Blue Water Ventures International

Who We Are And What We Do

Few adventures are more enticing to the imagination than the search for and discovery of sunken shipwrecks filled with lost treasures and tales of history and human drama. This is the work that the exploration team of Blue Water Ventures does every day, on some of the most important and exciting shipwreck sites in the world.

Through the application of historic research, advanced technology, and the combined skills of a world-class team of professionals, Blue Waters’ mission is to locate and recover historic sunken ships whose cargos offer material, intellectual, and social rewards. Our goal is to be the best in the field.

Blue Water Ventures is committed to the mission of responsible and cooperative exploration of our shared marine environment through industry best practices and standards, open dissemination of knowledge, transparency of intent, and international cooperation.

Global Exploration

We have projects under development in many parts of the world with active projects off North America and in the Caribbean.

Marine Surveys

We use the latest state of the art technology to perform high precision studies of the ocean environment.

Marine Archaeology

Marine archaeology is a cornerstone of our business.  We utilize a stringent set of techniques and procedures during excavations.

Scientific Study

Our work permits us to engage in detailed scientific studies of shipwrecks and the overall ocean environment.

Research and Development

Our R&D program is constantly searching for new technologies for use during the course of our operations.

Environmental Responsibility

Preservation of the environment is of the highest priority.  We maintain strict policies during active field operations.

The Latest News

BWVI onsite Steamboat North Carolina

                                                Jacksonville, Florida - October 2, 2019 - Blue Water Ventures International, Inc (OTCPK:BWVI) and...

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Steamship Pulaski - North Carolina - 1838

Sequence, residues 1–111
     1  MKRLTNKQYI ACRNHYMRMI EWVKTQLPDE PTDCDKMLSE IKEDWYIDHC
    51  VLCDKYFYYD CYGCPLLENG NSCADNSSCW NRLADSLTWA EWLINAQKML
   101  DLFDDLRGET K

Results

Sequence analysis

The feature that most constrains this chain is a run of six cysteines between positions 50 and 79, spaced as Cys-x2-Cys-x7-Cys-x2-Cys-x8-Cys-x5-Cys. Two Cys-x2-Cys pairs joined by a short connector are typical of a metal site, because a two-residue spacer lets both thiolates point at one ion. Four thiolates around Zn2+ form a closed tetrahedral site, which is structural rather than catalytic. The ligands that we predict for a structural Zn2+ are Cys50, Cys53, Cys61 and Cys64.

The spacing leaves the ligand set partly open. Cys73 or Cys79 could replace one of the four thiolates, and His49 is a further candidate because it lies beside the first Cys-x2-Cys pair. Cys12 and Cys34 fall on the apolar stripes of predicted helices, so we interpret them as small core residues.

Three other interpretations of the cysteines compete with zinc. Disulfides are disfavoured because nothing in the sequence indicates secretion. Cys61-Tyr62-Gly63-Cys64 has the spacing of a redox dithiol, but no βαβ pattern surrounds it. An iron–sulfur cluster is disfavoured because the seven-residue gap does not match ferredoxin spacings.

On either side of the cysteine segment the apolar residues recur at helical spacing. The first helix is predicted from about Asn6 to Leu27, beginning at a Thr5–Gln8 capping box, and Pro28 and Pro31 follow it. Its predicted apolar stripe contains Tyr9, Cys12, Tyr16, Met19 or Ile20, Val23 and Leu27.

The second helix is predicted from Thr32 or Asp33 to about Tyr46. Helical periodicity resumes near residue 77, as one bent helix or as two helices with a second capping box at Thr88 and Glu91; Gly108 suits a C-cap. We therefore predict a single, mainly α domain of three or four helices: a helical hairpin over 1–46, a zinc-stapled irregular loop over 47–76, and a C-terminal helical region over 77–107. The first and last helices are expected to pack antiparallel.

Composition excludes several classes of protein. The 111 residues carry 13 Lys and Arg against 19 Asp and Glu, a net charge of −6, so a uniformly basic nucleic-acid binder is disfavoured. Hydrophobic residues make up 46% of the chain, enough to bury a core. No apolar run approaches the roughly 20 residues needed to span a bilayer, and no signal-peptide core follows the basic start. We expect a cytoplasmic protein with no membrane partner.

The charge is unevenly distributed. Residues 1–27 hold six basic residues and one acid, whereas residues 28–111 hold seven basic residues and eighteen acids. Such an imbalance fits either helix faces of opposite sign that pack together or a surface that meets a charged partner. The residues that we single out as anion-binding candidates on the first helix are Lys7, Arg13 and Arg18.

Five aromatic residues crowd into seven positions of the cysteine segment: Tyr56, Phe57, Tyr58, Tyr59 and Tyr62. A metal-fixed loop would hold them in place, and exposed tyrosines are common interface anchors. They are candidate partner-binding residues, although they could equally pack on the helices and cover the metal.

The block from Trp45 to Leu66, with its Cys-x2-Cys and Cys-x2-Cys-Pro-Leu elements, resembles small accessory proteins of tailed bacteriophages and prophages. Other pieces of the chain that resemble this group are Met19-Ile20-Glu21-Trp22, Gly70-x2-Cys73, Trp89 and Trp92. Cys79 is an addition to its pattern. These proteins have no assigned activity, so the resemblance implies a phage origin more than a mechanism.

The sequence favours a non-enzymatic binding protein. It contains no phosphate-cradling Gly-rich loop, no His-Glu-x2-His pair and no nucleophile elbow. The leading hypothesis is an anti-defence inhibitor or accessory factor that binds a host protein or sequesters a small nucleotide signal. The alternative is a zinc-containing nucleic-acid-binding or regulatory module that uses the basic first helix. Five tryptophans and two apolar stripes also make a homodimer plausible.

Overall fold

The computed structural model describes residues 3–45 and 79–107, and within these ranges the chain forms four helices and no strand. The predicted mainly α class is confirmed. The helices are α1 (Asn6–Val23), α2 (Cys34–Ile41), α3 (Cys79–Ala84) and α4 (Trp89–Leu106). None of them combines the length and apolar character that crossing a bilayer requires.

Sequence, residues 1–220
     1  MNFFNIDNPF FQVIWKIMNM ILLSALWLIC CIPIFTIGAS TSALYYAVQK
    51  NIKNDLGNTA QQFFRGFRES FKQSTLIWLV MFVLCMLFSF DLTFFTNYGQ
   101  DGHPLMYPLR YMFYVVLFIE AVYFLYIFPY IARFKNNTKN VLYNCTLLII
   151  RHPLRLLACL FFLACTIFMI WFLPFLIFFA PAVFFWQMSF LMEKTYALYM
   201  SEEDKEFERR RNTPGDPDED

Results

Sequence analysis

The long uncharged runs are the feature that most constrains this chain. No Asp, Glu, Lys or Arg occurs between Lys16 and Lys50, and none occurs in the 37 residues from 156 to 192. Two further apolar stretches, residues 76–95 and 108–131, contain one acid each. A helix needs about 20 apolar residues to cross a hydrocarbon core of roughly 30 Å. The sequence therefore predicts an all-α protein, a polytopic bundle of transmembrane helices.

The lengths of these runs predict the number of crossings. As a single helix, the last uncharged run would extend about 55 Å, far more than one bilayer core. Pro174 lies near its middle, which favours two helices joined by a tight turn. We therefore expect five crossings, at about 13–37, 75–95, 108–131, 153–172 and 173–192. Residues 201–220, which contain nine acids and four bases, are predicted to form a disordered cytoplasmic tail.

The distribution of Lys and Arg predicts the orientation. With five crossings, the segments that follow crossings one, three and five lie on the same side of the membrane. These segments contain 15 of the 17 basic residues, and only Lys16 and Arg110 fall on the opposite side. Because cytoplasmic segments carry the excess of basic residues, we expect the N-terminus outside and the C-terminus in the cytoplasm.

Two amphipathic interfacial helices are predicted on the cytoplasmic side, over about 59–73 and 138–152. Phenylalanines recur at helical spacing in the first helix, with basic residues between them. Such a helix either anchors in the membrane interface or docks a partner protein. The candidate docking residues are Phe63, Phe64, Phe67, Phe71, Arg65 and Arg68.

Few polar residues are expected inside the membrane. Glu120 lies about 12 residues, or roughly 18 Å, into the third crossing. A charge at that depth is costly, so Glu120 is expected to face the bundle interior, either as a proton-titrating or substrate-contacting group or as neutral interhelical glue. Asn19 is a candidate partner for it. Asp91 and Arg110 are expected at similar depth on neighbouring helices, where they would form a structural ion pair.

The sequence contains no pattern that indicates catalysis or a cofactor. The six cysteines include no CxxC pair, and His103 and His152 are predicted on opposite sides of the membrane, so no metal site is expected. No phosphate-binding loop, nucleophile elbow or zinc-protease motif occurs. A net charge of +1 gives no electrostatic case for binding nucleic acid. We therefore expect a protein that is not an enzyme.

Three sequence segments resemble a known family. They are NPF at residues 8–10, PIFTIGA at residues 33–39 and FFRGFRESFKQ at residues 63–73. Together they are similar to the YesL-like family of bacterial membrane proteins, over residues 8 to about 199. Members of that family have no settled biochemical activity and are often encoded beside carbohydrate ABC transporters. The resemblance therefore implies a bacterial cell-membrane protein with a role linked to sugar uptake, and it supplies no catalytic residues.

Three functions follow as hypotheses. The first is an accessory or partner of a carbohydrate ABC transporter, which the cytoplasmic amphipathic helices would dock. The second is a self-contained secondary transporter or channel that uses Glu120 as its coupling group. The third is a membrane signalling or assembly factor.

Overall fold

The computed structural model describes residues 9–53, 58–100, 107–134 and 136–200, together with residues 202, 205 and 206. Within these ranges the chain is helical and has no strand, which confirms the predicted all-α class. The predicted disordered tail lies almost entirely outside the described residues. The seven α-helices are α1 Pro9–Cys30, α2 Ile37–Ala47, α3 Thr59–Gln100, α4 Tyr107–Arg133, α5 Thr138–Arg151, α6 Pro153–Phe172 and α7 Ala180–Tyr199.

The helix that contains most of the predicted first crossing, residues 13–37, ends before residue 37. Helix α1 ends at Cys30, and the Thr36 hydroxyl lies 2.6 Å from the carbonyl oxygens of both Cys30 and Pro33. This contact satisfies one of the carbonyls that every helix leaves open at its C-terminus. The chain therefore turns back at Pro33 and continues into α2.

Wrightsville Beach Magazine, July 2018
A Beautiful Artifact!

This gold pocket watch was recently recovered by the BWVI Team and is
undergoing conservation in the laboratory! The detail and craftsmanship is astounding!

First coins From the Steamship Pulaski!

Contemporary Account Of The Loss Of The Steamship Pulaski

Wilmington Advertiser June 18, 1838


Loss of the steam packet PULASKI, with a crew of thirty seven, and one hundred and fifty or one hundred and sixty passengers. On Thursday, the 14th instant, the Steamboat PULASKI, Capt. DUBOIS, left Charleston for Baltimore with about 150 passengers, of whom about 50 were ladies.

About 11 o’clock in the night, while off North Carolina coast, say 30 miles from land, weather moderate and night dark, the starboard boiler exploded, and the vessel was lost, with all the passengers and crew except those whose names are enumerated among those saved in the list to be found below.

We have gathered the following fact from the first mate, MR. HIBBERD, who had charge of the boat at the time. MR. HIBBERD states that about 10 o’clock at night he was called to the command of the boat, and that he was pacing the promenade deck in front of the steerage house; that he found him. If, shortly after, upon the main deck, lying between the mast and side of the boat; that upon the return of consciousness, he had a confused idea of having heard an explosion, something like that of gunpowder immediately before he discovered himself in his then situation. He was induced, therefore to raise and walk aft, where he discovered that the boat midships was blown entirely to pieces that the head of the starboard boiler was blown out, and the top torn open; that the timbers and plank on the starboard were forced asunder and that the boat took in water whenever she rolled in that direction.

He became immediately aware of the horrors of their situation, and the danger of letting the passengers know that the boat was sinking, before lowering the small boats. He proceeded, therefore, to do this. Upon dropping the boat, he was asked his object, and he replied that it was to pass round the steamer to ascertain her condition. Before doing this, however, he took in a couple of men. He ordered the other boats to be lowered, and two were shortly put into the water, but they leaked so much in consequence of their long exposure to the sun, that one of them sunk, after a fruitless attempt to bail her. He had in the interim taken several from the water, until the number of ten. In the other boat afloat there were eleven. While they were making a fruitless attempt to bail the small boat, the PULASKI went down with a crash, in about 45 minutes after the explosion.